Gibson Memorial United Methodist continues Easter tradition of chocolate eggs
There are certain rites of spring in Warren County — the first robin, blooming flowers, boats and party barges on Eagle Lake, and Gibson Memorial United Methodist Church’s chocolate Easter eggs.
Every spring since 1981, as the days get closer to Easter, the church fellowship hall at Gibson Memorial transforms into an egg factory, where fondant fillings made of sugar, water and flavoring are molded into eggs, dipped in milk chocolate, decorated and boxed for sale to raise funds for the church.
The idea for the eggs, church member Mary Agnes Westbrook said, came from the Gene Woodland, who was the church organist in 1981.
“He had a sister in West Virginia who said they did chocolate eggs at her church,” she said. “Marie Grayson started it here.”
In the course of their labors, the church members who volunteer to make the eggs will produce about 1,500 of the four-ounce eggs, which come in flavors of peanut butter, vanilla, coconut, maple nut, almond, almond coconut and raspberry. After they’re dipped, each egg is decorated with leaves and a flower.
“We’ve got about 20 people helping us, and we have several men helping us,” Westbrook said, adding she has relatives from Yazoo City, and volunteers who are not church members coming to help.
One volunteer was Brenda Kubiak from Willoughby, Ohio, who came to Vicksburg to visit her daughter.
“My daughter goes to church here,” she said. “I came here to visit her and helped with the rummage sale. That’s when I heard about the eggs. I told them, ‘I’ll be back for the eggs.’”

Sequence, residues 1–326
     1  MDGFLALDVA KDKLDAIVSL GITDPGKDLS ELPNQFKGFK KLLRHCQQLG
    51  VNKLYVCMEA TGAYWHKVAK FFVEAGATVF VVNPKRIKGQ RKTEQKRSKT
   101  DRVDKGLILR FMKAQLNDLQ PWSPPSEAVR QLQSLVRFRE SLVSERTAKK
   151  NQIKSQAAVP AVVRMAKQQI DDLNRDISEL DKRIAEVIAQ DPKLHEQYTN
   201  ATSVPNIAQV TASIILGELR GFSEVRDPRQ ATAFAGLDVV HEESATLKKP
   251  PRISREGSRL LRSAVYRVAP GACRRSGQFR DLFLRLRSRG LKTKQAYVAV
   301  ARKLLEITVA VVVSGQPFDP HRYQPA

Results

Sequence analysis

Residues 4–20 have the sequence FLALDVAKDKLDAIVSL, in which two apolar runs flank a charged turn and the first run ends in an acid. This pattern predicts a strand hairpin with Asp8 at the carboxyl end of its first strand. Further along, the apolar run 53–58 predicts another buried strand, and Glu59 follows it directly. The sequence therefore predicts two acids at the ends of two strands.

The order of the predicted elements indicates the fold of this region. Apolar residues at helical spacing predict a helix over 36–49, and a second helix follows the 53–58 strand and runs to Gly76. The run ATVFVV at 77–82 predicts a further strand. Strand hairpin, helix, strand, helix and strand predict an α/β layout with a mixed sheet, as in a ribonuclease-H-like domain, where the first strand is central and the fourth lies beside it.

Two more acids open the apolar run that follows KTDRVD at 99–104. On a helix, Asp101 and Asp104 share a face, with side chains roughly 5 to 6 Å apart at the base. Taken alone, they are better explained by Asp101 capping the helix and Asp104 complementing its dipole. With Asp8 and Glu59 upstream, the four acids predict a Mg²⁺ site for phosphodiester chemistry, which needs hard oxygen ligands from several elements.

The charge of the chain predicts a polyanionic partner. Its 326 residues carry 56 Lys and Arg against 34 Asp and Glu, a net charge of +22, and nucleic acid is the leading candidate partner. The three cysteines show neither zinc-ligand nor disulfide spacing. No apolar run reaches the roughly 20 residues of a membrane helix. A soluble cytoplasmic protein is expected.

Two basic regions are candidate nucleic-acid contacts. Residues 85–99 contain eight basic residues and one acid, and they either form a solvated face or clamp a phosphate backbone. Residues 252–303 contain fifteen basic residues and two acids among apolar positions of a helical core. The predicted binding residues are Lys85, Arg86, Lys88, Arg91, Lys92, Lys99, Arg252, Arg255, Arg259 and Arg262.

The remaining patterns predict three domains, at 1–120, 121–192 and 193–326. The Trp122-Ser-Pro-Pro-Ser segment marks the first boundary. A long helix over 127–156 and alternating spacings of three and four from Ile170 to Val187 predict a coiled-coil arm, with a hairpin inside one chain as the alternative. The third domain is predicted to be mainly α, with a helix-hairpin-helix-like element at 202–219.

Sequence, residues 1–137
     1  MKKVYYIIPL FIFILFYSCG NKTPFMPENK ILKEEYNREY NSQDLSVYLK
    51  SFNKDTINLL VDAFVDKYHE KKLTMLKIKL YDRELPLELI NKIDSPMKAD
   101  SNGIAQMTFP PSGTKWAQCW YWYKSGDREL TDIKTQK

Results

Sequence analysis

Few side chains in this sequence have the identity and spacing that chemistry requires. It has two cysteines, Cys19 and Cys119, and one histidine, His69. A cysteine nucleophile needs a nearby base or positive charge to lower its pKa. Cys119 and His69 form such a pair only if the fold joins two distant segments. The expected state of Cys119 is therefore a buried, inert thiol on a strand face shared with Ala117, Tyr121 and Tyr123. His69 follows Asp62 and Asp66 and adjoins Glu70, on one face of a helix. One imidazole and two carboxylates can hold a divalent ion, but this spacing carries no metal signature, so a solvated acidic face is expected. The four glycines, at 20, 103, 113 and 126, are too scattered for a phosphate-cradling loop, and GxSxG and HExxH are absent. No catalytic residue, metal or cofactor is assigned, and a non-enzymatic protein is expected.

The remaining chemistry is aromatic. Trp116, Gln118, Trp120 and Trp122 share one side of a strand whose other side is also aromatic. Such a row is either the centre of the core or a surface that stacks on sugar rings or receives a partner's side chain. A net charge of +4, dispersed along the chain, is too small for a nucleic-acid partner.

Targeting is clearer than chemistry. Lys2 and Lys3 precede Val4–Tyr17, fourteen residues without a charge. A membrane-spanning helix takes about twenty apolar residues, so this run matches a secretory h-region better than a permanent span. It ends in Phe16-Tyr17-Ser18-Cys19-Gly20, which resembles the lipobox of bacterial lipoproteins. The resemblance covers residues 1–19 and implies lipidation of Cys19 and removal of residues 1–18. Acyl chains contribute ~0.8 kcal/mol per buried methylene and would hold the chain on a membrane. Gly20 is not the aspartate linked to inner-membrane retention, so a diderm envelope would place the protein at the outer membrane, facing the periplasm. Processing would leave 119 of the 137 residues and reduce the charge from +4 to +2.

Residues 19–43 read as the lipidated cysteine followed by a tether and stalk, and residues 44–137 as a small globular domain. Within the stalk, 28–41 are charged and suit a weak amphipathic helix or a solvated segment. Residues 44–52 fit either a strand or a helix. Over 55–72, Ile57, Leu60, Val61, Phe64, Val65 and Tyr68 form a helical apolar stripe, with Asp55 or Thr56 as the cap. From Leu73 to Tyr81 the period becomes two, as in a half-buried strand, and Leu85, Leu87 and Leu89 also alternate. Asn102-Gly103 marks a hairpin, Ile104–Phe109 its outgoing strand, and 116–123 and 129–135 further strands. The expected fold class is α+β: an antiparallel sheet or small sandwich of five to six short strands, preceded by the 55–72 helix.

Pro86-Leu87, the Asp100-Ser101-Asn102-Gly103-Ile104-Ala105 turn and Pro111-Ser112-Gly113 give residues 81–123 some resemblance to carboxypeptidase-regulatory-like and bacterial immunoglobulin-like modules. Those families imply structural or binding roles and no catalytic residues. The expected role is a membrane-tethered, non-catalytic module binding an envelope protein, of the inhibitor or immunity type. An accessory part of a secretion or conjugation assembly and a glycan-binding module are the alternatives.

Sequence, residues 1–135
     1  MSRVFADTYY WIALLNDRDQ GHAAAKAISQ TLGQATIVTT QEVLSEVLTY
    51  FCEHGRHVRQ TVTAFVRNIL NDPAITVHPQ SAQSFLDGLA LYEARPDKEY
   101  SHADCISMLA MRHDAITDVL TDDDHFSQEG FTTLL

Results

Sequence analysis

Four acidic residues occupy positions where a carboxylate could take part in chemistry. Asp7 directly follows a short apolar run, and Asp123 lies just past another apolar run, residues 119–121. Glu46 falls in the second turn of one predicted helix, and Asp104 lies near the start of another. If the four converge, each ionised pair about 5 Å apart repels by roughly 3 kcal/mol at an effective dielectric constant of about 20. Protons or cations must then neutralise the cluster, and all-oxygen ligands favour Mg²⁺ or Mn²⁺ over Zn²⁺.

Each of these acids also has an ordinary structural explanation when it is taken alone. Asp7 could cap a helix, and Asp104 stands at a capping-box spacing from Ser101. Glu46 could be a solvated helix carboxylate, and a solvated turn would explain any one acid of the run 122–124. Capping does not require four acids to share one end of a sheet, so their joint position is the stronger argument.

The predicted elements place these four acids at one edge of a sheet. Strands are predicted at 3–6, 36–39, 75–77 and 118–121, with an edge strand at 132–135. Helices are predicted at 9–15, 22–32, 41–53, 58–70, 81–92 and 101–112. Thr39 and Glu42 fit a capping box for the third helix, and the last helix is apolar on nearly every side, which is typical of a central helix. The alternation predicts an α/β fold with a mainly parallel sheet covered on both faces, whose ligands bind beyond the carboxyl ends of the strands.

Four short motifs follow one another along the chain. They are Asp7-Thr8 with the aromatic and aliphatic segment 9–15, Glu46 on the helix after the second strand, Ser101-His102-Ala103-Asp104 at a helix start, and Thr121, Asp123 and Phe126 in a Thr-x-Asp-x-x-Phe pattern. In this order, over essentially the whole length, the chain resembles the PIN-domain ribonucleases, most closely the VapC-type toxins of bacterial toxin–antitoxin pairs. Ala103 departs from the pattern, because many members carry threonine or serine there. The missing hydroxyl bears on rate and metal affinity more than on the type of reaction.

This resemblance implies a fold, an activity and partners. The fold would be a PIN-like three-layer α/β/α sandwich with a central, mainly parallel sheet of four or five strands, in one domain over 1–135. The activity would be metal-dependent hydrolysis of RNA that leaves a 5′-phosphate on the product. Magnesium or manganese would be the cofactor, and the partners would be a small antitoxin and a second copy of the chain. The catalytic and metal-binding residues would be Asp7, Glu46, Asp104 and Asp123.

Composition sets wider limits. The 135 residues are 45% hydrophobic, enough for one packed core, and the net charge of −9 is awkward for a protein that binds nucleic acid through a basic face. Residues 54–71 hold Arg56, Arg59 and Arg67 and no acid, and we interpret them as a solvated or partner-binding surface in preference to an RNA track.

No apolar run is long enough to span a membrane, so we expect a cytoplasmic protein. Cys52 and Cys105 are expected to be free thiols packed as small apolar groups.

Westbrook said at one time it took about two weeks to do the eggs, “But we’ve improved the process a lot.”
That process involves a row of tables covered with paper which hold several rows of eggs. A crockpot holds a container of milk chocolate for dipping.
Several of the men help with dipping the eggs, using a long fork to hold the egg while it gets a chocolate bath. It’s a process Pat McKinney and James Morgan said can take up to 30 seconds.
“It’s a lot of work,” Morgan said.
“It takes patience; that’s something I had to learn,” McKinney said. “Every egg drips at a different rate. Some take longer.”
Morgan and McKinney said peanut butter is the favorite flavor.
“The maple nut’s pretty good, too. That’s my favorite,” McKinney said.
The eggs cost $3 each and orders can be placed by calling 601-636-2605 or 601-415-4428. Orders can also be placed by email at firstname.lastname@example.org.
Westbrook said people who want a specific flavor should place their orders early, and orders can be placed now.
“We’ll start selling as soon as we finish the eggs, and we’ll take orders until they’re gone.”
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